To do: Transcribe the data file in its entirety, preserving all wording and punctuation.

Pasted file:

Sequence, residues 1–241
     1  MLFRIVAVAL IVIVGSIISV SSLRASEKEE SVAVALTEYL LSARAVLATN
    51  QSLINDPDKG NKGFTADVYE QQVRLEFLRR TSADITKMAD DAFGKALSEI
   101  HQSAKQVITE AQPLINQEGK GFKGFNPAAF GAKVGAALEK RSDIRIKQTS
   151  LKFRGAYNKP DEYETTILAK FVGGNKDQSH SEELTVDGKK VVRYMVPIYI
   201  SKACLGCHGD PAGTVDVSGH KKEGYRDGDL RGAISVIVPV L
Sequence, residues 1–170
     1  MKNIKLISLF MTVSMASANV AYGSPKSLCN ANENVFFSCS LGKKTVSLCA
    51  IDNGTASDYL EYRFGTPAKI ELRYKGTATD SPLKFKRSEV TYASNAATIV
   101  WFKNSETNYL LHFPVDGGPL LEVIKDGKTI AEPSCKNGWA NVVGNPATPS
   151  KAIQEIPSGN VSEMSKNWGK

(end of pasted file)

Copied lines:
Sequence, residues 1–241
     1  MLFRIVAVAL IVIVGSIISV SSLRASEKEE SVAVALTEYL LSARAVLATN
    51  QSLINDPDKG NKGFTADVYE QQVRLEFLRR TSADITKMAD DAFGKALSEI
   101  HQSAKQVITE AQPLINQEGK GFKGFNPAAF GAKVGAALEK RSDIRIKQTS
   151  LKFRGAYNKP DEYETTILAK FVGGNKDQSH SEELTVDGKK VVRYMVPIYI
   201  SKACLGCHGD PAGTVDVSGH KKEGYRDGDL RGAISVIVPV L
Sequence, residues 1–170
     1  MKNIKLISLF MTVSMASANV AYGSPKSLCN ANENVFFSCS LGKKTVSLCA
    51  IDNGTASDYL EYRFGTPAKI ELRYKGTATD SPLKFKRSEV TYASNAATIV
   101  WFKNSETNYL LHFPVDGGPL LEVIKDGKTI AEPSCKNGWA NVVGNPATPS
   151  KAIQEIPSGN VSEMSKNWGK